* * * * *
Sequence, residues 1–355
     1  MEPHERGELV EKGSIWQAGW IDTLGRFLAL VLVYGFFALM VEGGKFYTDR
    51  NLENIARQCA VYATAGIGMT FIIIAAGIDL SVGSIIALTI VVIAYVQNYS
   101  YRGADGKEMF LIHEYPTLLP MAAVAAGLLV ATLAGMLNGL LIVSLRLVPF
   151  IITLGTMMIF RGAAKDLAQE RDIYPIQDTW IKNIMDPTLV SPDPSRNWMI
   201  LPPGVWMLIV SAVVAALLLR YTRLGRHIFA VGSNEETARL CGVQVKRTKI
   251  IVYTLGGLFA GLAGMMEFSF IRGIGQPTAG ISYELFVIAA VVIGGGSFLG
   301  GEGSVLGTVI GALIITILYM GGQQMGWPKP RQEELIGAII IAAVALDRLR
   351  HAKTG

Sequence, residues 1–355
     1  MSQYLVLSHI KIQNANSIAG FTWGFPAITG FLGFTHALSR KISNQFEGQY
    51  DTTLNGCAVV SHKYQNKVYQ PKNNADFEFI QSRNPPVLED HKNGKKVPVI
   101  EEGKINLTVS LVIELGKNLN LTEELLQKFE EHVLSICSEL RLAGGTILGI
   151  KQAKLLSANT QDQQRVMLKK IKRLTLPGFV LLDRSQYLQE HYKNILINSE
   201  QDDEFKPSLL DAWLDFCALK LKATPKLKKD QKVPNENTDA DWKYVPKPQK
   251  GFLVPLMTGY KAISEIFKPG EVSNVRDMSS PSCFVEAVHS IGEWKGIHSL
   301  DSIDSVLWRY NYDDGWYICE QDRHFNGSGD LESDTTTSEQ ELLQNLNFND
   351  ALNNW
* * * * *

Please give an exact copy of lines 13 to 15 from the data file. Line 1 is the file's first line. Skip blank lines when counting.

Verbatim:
   101  EEGKINLTVS LVIELGKNLN LTEELLQKFE EHVLSICSEL RLAGGTILGI
   151  KQAKLLSANT QDQQRVMLKK IKRLTLPGFV LLDRSQYLQE HYKNILINSE
   201  QDDEFKPSLL DAWLDFCALK LKATPKLKKD QKVPNENTDA DWKYVPKPQK